Tag Archives: death

And now, for the latest forecast, we go over to The Croak Club …

Have you noticed that no-one famous has died recently?

Looks like they all got it out of their system earlier this year. It’s probably just a statistical quirk, of course, and no doubt some boffin will appear on the BBC News sooner or later to explain the sudden drop in celebrity clog-popping. Then again, maybe it’s the calm before the storm …

Typical of the media, of course, when noteworthy passings-away keep happening, they’re all over it, boring us to death (well, not literally, of course) with the latest superstar’s demise. And you do get the feeling the newscasters love all that drama; the chance to break away from Brexit or the migrants problem.

With older celebs, we all know that everything’s pre-recorded, all ready to put in the machine like a microwave meal. You can imagine the phone calls: “Hello Bryan – could you reach me down that tape on XXXX XXXXXXX – they’ve just copped it and I need it for the one o’clock. Thanks, mate”. Then out comes one of those annoying tape loops showing the newly-deceased walking out of theirfathertime home, being interviewed at a film festival, appearing on stage, walking out of their home, being interviewed at a film festival, appearing on stage again … ad infinitum.

But it’s becoming clear that to achieve real superstardom, when one shuffles off this mortal coil, is almost as dependent on the date on which you die as it is on the body of work you leave behind. Your departure really does need to hit the headlines amidst a scything-down of even more famous current goners. That way you can bathe in the reflected glory of their fame and have your memory positioned alongside those of notables who ranked somewhat higher up the pecking order of distinguished personalities.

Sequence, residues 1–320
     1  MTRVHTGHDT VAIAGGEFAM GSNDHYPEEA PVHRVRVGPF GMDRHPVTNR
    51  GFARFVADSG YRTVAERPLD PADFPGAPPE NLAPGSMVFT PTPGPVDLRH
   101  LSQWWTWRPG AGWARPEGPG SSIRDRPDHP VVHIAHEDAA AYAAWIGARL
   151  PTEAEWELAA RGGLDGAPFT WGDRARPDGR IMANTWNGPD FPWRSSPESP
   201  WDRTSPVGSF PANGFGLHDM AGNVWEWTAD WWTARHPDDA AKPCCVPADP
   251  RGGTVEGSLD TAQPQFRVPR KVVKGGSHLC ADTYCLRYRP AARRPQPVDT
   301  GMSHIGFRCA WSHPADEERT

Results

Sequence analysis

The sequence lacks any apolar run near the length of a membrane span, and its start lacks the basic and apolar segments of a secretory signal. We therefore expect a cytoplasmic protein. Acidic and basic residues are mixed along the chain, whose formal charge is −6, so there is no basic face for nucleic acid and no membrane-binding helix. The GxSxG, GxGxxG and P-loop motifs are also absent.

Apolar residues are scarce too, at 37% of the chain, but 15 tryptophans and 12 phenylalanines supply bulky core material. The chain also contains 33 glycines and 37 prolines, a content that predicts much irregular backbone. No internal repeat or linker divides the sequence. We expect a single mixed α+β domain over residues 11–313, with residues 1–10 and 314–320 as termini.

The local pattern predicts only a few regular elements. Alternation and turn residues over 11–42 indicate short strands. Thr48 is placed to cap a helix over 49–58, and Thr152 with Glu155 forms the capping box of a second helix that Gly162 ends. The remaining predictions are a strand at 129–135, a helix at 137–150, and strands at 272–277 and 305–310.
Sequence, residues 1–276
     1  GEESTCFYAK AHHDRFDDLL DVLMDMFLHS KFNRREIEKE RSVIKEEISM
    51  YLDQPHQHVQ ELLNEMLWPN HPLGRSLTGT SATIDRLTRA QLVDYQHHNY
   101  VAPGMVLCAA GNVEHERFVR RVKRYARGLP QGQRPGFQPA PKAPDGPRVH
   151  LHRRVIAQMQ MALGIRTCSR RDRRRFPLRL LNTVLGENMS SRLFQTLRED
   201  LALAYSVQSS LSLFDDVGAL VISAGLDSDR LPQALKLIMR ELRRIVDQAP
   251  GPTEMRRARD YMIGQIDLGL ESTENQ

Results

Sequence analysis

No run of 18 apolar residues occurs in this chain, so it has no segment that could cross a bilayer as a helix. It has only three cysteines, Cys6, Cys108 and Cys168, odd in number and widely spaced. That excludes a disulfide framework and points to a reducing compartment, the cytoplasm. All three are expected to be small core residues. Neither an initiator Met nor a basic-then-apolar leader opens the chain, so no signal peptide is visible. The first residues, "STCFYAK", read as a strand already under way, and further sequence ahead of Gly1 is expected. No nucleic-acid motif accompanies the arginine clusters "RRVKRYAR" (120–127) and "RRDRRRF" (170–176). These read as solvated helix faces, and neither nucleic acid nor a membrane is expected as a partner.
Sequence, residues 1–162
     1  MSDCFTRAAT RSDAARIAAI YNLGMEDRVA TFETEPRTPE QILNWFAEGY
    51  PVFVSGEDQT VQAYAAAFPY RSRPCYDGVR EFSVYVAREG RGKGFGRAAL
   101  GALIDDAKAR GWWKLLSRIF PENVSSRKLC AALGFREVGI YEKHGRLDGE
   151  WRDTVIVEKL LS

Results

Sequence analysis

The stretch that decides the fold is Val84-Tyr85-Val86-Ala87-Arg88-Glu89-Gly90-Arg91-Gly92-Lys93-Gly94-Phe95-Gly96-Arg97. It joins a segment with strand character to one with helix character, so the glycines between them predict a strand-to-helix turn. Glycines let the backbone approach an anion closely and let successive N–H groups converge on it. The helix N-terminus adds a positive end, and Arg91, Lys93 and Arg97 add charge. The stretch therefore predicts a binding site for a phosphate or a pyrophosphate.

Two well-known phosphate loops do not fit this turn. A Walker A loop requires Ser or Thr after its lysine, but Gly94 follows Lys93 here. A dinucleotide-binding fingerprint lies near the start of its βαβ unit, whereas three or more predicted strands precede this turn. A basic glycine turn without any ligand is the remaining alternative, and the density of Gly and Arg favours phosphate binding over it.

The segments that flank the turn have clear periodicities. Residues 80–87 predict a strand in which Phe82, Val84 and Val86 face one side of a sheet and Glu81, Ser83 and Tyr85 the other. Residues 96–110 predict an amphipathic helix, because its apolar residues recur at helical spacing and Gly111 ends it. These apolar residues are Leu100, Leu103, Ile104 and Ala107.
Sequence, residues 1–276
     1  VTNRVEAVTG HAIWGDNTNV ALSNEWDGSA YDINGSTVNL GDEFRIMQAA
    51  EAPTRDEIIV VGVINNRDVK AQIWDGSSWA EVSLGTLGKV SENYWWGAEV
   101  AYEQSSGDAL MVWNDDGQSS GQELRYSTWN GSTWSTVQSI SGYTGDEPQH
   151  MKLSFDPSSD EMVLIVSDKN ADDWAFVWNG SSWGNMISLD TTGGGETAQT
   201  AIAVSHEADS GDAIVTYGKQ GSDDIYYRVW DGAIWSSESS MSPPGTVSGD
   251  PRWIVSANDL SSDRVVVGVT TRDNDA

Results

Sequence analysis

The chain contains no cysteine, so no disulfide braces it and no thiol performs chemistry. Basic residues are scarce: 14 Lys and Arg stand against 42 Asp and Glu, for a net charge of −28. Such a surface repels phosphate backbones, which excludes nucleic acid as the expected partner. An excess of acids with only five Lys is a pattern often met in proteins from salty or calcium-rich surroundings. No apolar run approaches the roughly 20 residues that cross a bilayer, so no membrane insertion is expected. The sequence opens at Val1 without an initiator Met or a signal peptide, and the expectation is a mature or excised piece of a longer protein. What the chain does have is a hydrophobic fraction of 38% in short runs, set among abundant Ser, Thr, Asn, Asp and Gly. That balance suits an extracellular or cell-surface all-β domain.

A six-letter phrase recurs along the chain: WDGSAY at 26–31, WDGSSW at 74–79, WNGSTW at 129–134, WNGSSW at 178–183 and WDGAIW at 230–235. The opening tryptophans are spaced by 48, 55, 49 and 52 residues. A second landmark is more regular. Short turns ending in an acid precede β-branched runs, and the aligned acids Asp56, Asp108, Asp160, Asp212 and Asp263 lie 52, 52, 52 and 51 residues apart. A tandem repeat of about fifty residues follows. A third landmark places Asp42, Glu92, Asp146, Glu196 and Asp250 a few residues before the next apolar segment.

Chances are that someone famous will die just before I post this onto my site. Obviously it’s all a bit unpredictable and, I must confess, these musings may be somewhat tasteless. And I will own up to the fact that I did feel betting on who would be the next celeb. to kick the bucket was not that gentlemanly a thing to do. The monthly meetings of The Croak Club, back in my days at ad. agencies in a rather unreputable pub in the West End, would see the distribution of winnings amongst punters who’d sometimes bet large amounts on long-odds outsiders; whilst well-known names who were apparently at death’s door would recover and within weeks be starring in some long-running TV show or embarking on a death-defying mountain climb for charity. Don’t ask me about The Queen Mother

I know what you’re thinking: what’s the betting he has a heart attack later today after writing this? Well go on then, I’ll give you 7/2 – any takers?




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Death is best left
unless, by dead, you meant
my last stiff whisper, cold-
kissed by your lips of stone;
we two old friends who part …

There was an art,
they say,
they hint (vague by intent,
in muffled tones to hold
your ears), in making known
each to each what each thought …

Love is best sought
in Spring,
Not now with the sap spent;
supposing I had told
you, anyway; my own
mute love still had no breath.





Copyright: Richard Fox 1970
All rights reserved

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Filed under My poems, Poetry